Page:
Seth’s family credits RMH with helping to keep their family close, allowing them to stay near Mayo Clinic, and providing much welcomed comfort, support, and hope. Over the past several years of Seth’s treatments, they’ve been grateful for every opportunity when they were able to move from the waiting list to the House and have developed close bonds with staff, volunteers and other families they have met during their visits to Rochester. After receiving so much from the House, Seth wanted to give back – and was inspired to join in the collection and donation of aluminum pop tabs to the House. “While our family was staying at the House, years ago…we noticed people coming into the lobby dropping off tabs. Seth got the idea that this was something he could do. He knew he could tell others about the importance of collecting the pop tabs. Little did we know how fun it would be to get the community involved in helping him to give back to his home away from home,” said Seth’s mother Julie Bayles.

The Ronald McDonald House collects pop tabs all year round as an ongoing fundraiser.  Ronald McDonald House accepts them, stores them up in a designated area and then takes them to their local recycler to cash them in. The money is used to offset the expense of running the Rochester Ronald McDonald House.

Fondly recognized as “the pop tab kid”, Seth has encouraged his entire community in Bristol, Wisconsin, to join in the effort. Over the years, he’s delivered hundreds of pounds of pop tabs to the House. When Seth heard about the launch of the Love Tremendously, Hope Exceedingly expansion campaign that would nearly double the size of the current House – he set an even more ambitious goal – a quest to collect and deliver a million aluminum pop tabs to the Ronald McDonald House. Through the efforts of social media and incredible energy and enthusiasm, Seth met and actually exceeded his goal in just two months time. “Pop tabs of course help the Ronald McDonald House tangibly but it also has enabled others to get involved and “rally around Seth” for a great cause,” said Bayle’s. “Anyone at most any age can pull a tab off a can. It creates a way for others to do something to show Seth they care. It’s been incredible to meet others, share this bond and feel the love represented in the giving of these tabs!”

Seth and his family are asking others to help by collecting pop tabs and also consider making a monetary donation that will go towards the much needed expansion to the House. On average the Ronald McDonald House of Rochester, MN serves approximately 900 families every year from across the country and around the world. In 2016, over 1,000 families were turned away because the House was full and did not have room. Over the past three years alone, more than 3,000 families were turned away because of capacity constraints.

On May 4, the Ronald McDonald House launched its largest expansion in the organization’s 36-year history with announcement of plans to nearly double the capacity of the House to serve more families. In addition to collecting and donating pop tabs, Seth has set up a crowd-funding page to help facilitate online donations that will go directly to the House. “Wouldn’t it be great if the wider community would continue to collect pop tabs but also match every pop tab that Seth has brought to the House with $1.00? ” said Ronald McDonald House of Rochester Peggy Elliott, Executive Director. “This would certainly help us raise the $4 million additional we need to start construction. We need a larger Ronald McDonald House and we are so grateful to Seth, the Bayles family and the wider community for their support and help.”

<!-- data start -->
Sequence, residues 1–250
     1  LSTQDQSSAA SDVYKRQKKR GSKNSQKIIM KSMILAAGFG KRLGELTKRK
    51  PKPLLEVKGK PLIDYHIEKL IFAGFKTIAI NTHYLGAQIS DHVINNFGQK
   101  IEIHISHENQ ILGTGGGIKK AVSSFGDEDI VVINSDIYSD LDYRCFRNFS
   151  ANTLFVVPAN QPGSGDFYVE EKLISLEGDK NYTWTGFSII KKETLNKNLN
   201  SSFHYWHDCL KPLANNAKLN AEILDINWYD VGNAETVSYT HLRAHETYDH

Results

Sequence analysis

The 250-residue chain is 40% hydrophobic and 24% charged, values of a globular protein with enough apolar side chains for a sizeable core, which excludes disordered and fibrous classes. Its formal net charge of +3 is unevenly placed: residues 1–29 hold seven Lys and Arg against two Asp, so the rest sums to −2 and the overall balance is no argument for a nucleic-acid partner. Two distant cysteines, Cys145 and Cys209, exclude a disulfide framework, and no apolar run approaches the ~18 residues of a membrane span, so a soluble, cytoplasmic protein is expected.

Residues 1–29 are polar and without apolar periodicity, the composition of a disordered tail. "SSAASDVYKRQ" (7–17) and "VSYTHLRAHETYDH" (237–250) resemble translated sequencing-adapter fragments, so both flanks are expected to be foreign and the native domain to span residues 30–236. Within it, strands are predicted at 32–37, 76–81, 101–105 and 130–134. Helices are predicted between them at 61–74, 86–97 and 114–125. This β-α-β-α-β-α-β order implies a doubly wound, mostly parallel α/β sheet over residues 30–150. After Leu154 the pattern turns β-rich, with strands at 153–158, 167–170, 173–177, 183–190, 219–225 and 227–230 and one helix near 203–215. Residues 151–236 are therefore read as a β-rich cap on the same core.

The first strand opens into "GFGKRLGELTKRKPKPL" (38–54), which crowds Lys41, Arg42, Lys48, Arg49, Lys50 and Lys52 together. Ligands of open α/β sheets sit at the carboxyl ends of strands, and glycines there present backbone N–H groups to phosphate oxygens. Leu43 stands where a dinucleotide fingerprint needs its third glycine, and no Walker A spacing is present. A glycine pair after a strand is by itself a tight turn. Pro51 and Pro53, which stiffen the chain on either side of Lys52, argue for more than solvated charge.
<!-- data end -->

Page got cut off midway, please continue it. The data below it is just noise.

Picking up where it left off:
Seth’s story in the following video.

Bryce’s RMHMN Story

Over the past three years, 3,000 families were turned away from the Ronald McDonald House of Rochester, MN because of capacity constraints. “Families travel great distances to our House and often have exhausted every medical resource available near their homes. They come to our community seeking hope, healing, compassion and comfort,” said Peggy Elliott, Executive Director of Ronald McDonald House Rochester, Minnesota.  “We must answer the call to provide love and hope to seriously ill children and their families. We are so grateful to all of our donors and friends for their generous gifts of support to grow our mission,” said Elliott.

As Mayo Clinic Children’s Center grows in particular in the areas of proton beam therapy; regenerative medicine and individualized medicine the need for services at the Ronald McDonald House continue to rise. On average the Ronald McDonald House® serves over 900 families every year from across the country and around the world

Watch our latest campaign video about our former guest, Bryce.


Watch the audio description version of this film by clicking here.


Click here to make a donation to our Love Tremendously, Hope Exceedingly capital campaign.